#OilPriceWar: SAUDI ARABIA CALLS OPEC+
PLATTS - 02 Apr 2020 - In a sudden change of heart after intervention by US President Donald Trump, Saudi Arabia on Thursday called for an "urgent meeting" of the OPEC+ alliance and other producers to negotiate a deal on output cuts that could stem the coronavirus-induced freefall in oil prices.
In a statement carried by the official Saudi Press Agency, the kingdom said it was "seeking a fair agreement that will restore the desired balance to the oil markets" and indicated that it wanted other countries outside the OPEC+ alliance to join the talks.
A Saudi energy ministry spokesman did not immediately respond to a request for comment.
Trump had earlier tweeted that he had spoken by phone with Saudi Crown Prince Mohammed bin Salman, who in turn called Russian President Vladimir Putin to heal their oil market rift.
"I expect and hope that they will be cutting back approximately 10 million [b/d], and maybe substantially more, which, if it happens, will be GREAT for the oil and gas industry!" Trump tweeted, later adding that the cuts could even be as high as 15 million b/d.
The comments sent crude prices rallying more than 20%, after US benchmark NYMEX WTI had hit an 18-year low earlier this week.
But there clearly is still much talking to be done.
A Kremlin spokesman denied that Putin had spoken with MBS, Russian news agency RIA Novosti reported.
Earlier in the day, Russian energy minister Alexander Novak said a coordinated OPEC+ production cut would not be enough to compensate for the fall in demand caused by the coronavirus pandemic, which he said could reach 20 million b/d.
"It's impossible to take measures to reduce OPEC+ production by 20 million b/d, this is probably half of all countries' total production," Novak said in a radio interview. But perhaps in a concession, he said that Russian producers would not be increasing their output at this time.
Saudi Arabia, as OPEC's largest producer and de facto leader, will also have to smooth over some sore feelings among other members, who have been largely collateral damage in the Saudi-Russia spat.
"It should not be forgotten that the firefighter is also the one who set the oil market on fire," one non-Gulf OPEC delegate said on condition of anonymity.
For weeks, Saudi Arabia has resisted calls to back off its price war with Russia, announcing and then reaffirming almost on a daily basis plans to produce at its maximum capacity of 12 million b/d and export more than 10 million b/d of crude.
The surge of exports along with the coronavirus pandemic's hit to the global economy had caused oil prices to crash.
The price war broke out after Russia rejected a Saudi-led OPEC proposal last month to deepen production cuts in response to the coronavirus pandemic.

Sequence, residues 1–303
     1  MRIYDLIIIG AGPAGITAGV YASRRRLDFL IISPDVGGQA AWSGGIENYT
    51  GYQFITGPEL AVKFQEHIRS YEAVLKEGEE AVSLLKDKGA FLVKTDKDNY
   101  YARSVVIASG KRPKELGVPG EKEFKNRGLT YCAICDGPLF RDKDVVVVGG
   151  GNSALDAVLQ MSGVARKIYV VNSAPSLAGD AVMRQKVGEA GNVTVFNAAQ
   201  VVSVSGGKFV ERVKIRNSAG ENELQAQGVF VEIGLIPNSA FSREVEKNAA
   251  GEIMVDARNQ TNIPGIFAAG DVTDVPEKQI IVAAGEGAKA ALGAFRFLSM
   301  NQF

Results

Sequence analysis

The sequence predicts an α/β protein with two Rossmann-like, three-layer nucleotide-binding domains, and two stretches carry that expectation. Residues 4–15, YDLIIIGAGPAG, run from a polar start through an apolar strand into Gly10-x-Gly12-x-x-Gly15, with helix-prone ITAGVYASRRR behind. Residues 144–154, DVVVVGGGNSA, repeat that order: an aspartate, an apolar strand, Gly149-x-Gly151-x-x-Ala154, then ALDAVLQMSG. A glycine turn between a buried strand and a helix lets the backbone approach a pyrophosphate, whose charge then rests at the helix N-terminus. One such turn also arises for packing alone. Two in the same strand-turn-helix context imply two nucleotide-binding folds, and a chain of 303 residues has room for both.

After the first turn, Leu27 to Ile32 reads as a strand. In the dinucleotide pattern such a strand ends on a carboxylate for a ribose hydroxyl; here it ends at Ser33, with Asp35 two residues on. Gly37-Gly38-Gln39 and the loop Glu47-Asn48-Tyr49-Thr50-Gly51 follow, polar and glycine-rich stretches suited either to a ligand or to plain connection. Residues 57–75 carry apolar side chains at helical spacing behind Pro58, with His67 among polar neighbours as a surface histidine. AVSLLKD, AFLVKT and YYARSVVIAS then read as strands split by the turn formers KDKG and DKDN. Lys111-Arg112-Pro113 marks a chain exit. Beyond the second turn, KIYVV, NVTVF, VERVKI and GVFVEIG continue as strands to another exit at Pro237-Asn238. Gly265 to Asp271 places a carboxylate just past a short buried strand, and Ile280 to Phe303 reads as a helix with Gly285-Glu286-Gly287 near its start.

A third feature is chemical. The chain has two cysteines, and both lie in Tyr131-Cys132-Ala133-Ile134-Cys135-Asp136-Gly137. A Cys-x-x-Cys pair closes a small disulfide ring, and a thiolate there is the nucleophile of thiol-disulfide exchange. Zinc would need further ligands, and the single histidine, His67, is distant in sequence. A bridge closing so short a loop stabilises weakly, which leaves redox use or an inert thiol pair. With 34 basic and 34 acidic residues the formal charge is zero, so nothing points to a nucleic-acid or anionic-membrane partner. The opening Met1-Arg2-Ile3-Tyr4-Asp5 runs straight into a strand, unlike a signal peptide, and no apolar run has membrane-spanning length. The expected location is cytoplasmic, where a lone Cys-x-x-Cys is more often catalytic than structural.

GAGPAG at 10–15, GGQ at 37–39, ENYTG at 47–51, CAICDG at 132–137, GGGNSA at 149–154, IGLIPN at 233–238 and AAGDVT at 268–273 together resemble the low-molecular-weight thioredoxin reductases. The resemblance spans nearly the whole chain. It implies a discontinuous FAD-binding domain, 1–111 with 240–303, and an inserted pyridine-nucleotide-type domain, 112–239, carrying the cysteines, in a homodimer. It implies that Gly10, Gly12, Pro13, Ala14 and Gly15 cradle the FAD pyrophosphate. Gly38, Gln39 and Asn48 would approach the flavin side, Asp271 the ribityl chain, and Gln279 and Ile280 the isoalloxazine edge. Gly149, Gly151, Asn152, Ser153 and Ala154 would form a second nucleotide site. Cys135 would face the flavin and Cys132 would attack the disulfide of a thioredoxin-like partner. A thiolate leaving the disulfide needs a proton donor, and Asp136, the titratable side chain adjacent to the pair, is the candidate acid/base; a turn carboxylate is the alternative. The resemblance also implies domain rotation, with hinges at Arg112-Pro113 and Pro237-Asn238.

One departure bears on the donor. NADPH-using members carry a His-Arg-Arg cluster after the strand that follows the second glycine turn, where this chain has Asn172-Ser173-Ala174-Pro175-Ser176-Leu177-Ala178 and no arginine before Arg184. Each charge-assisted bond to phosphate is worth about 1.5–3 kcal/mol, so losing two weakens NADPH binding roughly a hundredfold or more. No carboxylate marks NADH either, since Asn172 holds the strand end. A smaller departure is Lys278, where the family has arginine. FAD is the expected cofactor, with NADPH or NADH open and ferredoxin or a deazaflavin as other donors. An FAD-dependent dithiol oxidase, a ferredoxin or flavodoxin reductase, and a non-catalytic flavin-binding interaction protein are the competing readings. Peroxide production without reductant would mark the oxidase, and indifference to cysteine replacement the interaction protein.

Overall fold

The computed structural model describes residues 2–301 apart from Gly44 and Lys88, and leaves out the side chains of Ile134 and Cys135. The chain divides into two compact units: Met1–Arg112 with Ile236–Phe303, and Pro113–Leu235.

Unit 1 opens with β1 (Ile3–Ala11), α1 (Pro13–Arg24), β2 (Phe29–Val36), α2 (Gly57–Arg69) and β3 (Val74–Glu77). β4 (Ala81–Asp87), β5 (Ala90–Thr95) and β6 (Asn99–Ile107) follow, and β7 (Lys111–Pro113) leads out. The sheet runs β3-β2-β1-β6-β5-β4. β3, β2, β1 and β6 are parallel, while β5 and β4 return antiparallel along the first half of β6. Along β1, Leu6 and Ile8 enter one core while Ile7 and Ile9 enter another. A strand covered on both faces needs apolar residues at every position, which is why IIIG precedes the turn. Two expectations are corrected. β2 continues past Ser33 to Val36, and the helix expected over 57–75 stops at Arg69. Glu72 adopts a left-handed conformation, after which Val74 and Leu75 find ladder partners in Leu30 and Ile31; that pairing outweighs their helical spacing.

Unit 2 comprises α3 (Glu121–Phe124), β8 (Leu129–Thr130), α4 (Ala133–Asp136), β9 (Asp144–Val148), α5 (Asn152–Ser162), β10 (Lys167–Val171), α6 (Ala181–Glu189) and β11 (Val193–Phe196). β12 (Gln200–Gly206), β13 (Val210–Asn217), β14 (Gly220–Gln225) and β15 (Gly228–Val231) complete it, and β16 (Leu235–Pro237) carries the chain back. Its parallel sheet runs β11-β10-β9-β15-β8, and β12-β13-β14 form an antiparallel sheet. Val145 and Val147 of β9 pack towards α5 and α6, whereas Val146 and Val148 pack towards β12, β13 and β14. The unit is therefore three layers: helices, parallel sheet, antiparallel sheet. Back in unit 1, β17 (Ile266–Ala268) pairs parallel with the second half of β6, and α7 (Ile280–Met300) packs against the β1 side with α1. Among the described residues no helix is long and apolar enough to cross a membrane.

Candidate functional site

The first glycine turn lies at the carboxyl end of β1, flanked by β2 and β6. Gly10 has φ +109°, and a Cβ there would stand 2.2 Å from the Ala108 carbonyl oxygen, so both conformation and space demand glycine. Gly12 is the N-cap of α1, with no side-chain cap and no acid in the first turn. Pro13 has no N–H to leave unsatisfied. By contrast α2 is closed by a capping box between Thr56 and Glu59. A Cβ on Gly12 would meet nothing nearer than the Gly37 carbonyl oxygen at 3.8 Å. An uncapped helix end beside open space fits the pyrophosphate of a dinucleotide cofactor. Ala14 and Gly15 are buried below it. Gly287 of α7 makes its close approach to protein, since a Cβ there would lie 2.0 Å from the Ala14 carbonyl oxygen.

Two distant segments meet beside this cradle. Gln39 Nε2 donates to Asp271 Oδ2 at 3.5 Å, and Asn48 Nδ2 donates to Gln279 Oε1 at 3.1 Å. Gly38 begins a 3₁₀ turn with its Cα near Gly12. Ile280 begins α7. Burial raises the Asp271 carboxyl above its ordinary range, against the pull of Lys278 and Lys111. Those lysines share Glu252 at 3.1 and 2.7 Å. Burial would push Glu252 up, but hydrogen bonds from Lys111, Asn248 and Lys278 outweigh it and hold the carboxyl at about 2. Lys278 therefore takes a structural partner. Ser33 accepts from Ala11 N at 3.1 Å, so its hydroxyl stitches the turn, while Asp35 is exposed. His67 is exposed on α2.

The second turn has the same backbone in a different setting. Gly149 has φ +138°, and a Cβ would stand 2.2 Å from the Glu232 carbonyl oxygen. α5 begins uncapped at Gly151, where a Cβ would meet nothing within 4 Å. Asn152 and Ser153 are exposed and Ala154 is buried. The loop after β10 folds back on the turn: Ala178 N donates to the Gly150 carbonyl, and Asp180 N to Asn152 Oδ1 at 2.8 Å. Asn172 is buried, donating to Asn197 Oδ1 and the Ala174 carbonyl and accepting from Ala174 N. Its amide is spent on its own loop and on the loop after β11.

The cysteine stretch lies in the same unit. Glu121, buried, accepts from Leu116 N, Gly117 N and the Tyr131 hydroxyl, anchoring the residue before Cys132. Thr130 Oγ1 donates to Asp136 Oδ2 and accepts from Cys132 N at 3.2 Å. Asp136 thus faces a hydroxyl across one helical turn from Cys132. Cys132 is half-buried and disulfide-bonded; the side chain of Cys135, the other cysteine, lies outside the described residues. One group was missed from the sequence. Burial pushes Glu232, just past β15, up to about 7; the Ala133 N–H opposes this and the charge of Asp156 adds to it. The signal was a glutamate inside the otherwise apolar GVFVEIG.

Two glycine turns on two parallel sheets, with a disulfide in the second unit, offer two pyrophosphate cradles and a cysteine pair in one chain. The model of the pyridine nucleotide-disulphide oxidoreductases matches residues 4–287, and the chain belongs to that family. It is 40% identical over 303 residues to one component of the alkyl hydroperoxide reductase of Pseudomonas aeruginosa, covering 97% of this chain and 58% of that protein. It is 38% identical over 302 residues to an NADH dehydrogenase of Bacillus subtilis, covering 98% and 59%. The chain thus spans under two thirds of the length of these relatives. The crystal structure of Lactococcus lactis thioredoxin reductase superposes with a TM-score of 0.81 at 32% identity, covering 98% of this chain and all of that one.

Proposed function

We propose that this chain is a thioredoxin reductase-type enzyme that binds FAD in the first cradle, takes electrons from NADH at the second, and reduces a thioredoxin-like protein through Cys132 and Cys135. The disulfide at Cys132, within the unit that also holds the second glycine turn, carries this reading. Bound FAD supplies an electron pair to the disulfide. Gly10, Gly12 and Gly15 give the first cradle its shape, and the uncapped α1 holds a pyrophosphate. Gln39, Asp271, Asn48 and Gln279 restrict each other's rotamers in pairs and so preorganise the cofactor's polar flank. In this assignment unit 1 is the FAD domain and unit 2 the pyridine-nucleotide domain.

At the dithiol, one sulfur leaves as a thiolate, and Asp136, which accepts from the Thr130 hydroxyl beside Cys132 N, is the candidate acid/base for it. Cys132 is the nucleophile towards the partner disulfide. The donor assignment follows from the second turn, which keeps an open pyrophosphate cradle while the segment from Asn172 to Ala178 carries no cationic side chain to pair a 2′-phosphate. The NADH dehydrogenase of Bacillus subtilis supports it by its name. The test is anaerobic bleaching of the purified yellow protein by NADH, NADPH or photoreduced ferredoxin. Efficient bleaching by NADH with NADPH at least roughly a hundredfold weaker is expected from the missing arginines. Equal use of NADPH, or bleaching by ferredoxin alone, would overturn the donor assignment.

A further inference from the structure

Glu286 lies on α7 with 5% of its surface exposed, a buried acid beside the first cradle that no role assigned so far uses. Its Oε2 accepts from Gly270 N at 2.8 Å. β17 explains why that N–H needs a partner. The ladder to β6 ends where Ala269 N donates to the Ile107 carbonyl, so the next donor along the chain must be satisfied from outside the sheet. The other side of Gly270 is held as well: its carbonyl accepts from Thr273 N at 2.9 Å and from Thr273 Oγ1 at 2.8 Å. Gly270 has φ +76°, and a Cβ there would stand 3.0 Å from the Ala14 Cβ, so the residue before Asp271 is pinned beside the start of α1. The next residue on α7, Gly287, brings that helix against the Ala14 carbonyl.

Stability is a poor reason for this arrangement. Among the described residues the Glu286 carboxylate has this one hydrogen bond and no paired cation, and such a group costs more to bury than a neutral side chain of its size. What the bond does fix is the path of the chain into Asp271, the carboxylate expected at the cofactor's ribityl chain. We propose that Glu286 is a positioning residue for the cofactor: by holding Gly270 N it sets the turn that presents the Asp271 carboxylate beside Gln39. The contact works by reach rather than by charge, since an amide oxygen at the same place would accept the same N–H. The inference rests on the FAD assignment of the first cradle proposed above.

Some US producers, their finances hammered by the market collapse, have said they are open to a deal and had urged Trump to intervene on their behalf.
Ryan Sitton, a member of the Texas Railroad Commission, which regulates oil production in the state, has called for cooperation with OPEC, and in a tweet, said he had talked with Novak about a global supply cut pact of 10 million b/d and looked forward to talking with Saudi energy minister Prince Abdulaziz bin Salman soon.
"While we normally compete, we agreed that COVID-19 requires unprecedented level of international cooperation," Sitton said.
Getting on the same page
In his tweets, Trump, who is scheduled to meet with several US oil companies Friday, did not mention the prospects of US participation in a global supply accord, nor did he explain his math of how such a deal could reach 15 million b/d or even 10 million.
For Saudi Arabia, it is unclear whether its cuts would count from its current production of some 12 million b/d or its output level of about 9.8 million b/d in February, before the OPEC+ agreement fell apart.
Russian oil companies, particularly Rosneft, have resisted significant cuts previously, and the compliance of OPEC members Iraq and Nigeria have been extremely spotty.
Coordinating an expanded OPEC+ meeting would presumably be led by the US, Saudi Arabia and Russia, the world's three largest oil producers.
Emergency OPEC meetings are typically organized by whichever country holds the rotating presidency of the organization – Algeria this year – and Secretary General Mohammed Barkindo, whom sources said has been involved in discussions with Saudi Arabia and Russia.
Algeria's energy minister, Mohamad Arkab, has been calling for such a meeting for weeks, ever since the last OPEC+ meeting broke up in acrimony.
Prior to Trump's tweet and the Saudi call for a deal, delegates had said they were hoping for the Russia-Saudi tensions to ease by the next OPEC meeting, scheduled for June 8 in Vienna, when a new agreement could be brokered.
"It is completely unnecessary and counterproductive to wage a price war while the world is fighting against the worst pandemic in a century," a delegate said. "We need cohesion and responsibility between producers, OPEC and non-OPEC, not division."